White Paper

Reinventing Claims Payment For A Value Based World

Source: Change Healthcare

By Amy Larsson, RN, BSN, MBA Vice President, Clinical Claims Management, Change Healthcare

Payers need to choose between automated payment and accurate automated payment

The U.S. healthcare industry’s claims-payment system is frustrating to providers, payers, and patients alike. Inefficiency and a systemwide tendency for error wastes precious resources, worsens miscommunication and mistrust among all stakeholders, and inhibits the ability to transition to value-based approaches that achieve better outcomes. We need to rethink our industry’s disjointed and siloed approach in order to solve a very integrated problem.

Despite billions invested in achieving efficient claims payment, more than 7% of claims are not paid correctly the first time, the second time, and sometimes even the third time¹. The remediation process costs health plans more than $43 billion annually². Indeed, an entire sector of the industry has evolved to examine claims retrospectively, identify inaccurate payments, and reconcile over- and under-payments. This broad “pay and chase” approach increases administrative costs for the entire industry.

Not only does this waste time and money, but it also impedes providers’ ability to manage their revenue cycle effectively, erodes their confidence in payers, and creates  a barrier to closer strategic alignment. Consumers are also impacted. Like providers, they have a reasonable expectation that claims should be paid accurately and quickly the first time, and that the system should be focused on delivering good healthcare–and not rectifying payments.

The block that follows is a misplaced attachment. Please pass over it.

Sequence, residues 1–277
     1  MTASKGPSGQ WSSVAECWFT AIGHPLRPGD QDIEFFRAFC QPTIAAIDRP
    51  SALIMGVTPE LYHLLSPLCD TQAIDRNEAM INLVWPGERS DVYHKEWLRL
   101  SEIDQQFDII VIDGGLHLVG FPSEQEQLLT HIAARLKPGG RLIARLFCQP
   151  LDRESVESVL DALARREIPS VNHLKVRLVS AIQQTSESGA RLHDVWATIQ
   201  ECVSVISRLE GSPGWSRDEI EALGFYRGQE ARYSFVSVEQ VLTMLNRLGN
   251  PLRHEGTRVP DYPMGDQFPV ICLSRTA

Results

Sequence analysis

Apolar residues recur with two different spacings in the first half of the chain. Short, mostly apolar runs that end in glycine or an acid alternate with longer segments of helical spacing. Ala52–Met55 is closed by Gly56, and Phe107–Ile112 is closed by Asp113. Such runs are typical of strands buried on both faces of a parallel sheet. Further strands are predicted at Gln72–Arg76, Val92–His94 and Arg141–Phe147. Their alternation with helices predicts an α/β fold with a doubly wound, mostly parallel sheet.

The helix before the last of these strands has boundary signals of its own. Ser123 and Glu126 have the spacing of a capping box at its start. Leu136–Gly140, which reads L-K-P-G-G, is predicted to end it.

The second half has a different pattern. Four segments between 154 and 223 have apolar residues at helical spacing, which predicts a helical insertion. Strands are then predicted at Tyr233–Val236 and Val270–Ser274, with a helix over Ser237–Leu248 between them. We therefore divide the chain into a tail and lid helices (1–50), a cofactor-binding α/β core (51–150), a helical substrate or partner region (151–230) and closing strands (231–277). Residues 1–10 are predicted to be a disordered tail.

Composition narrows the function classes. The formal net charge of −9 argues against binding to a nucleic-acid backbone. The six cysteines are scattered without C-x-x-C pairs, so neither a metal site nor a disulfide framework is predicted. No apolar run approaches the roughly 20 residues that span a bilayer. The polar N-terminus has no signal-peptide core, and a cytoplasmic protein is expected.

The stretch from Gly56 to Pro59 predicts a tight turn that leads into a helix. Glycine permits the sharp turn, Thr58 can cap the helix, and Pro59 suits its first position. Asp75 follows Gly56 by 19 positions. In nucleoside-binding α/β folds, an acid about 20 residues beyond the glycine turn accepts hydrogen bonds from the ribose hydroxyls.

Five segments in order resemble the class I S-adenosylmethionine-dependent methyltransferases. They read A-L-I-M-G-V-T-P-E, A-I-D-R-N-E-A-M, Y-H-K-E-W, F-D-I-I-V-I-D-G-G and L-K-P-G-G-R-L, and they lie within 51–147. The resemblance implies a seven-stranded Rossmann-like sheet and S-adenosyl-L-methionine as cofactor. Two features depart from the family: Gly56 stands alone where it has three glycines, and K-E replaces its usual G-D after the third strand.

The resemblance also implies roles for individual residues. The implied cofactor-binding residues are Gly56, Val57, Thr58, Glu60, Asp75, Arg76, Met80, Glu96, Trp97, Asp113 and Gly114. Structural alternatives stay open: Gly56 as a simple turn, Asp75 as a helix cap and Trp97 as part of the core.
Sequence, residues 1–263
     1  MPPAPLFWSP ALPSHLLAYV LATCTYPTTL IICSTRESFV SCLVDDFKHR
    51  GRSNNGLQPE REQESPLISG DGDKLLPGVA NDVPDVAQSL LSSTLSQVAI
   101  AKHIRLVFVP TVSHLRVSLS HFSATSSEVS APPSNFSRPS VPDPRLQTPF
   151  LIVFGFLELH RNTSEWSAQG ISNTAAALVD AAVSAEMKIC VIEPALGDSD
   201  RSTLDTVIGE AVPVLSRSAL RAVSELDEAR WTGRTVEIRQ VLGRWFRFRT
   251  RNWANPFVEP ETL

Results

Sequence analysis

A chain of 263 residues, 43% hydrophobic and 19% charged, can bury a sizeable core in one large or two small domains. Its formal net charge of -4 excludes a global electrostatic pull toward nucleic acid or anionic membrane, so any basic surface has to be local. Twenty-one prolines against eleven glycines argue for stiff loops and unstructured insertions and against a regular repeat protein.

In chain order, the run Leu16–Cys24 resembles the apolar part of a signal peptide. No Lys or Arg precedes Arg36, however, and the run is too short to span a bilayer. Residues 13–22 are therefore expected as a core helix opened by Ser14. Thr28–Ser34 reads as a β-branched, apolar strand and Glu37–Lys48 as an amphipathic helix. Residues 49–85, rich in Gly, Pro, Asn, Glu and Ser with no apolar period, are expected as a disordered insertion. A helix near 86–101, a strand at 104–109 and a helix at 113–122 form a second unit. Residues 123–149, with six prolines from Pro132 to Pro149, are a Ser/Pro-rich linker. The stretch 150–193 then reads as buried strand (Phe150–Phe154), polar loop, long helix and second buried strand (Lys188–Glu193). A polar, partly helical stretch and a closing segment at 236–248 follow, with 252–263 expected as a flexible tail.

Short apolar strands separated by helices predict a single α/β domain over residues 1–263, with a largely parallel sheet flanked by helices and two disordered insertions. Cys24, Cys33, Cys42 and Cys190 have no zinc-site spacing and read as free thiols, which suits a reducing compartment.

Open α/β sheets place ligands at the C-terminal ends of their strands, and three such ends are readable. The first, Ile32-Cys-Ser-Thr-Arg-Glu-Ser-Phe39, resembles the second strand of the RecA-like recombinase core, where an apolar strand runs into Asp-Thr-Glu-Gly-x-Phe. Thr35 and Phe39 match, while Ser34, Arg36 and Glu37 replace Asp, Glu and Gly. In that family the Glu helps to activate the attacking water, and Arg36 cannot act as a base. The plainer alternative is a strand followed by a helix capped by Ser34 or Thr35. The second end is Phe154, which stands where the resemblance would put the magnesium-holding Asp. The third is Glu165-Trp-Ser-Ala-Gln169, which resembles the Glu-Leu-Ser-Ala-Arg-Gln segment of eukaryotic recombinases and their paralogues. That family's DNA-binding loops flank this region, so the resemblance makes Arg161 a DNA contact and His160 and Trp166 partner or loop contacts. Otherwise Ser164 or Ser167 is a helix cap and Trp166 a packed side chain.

Ironically, the industrywide push for automation is compounding the problem with errors rather than alleviating it. As payers work to improve their claims-payment systems by automating processes, they periodically identify gaps where manual steps are still required. To bridge these gaps and lift performance, they invest in more automation. Efficiency and costs improve in those targeted areas, but inaccurate payments continue as errors cascade through the system. This drives more frustration, more manual remediation, and (ironically) more investment in automation as payers chase problems wherever they show up next. To break this vicious cycle, payers must stop thinking about automation in a siloed or point-by-point way and start tying disparate payment systems together. The drive for accurate adjudication across the claims- payment continuum can be a  game-changer. It can optimize processes, reduce costs, align systems and stakeholders, and create the conditions for bringing accurate payment for value-based payment models to scale.

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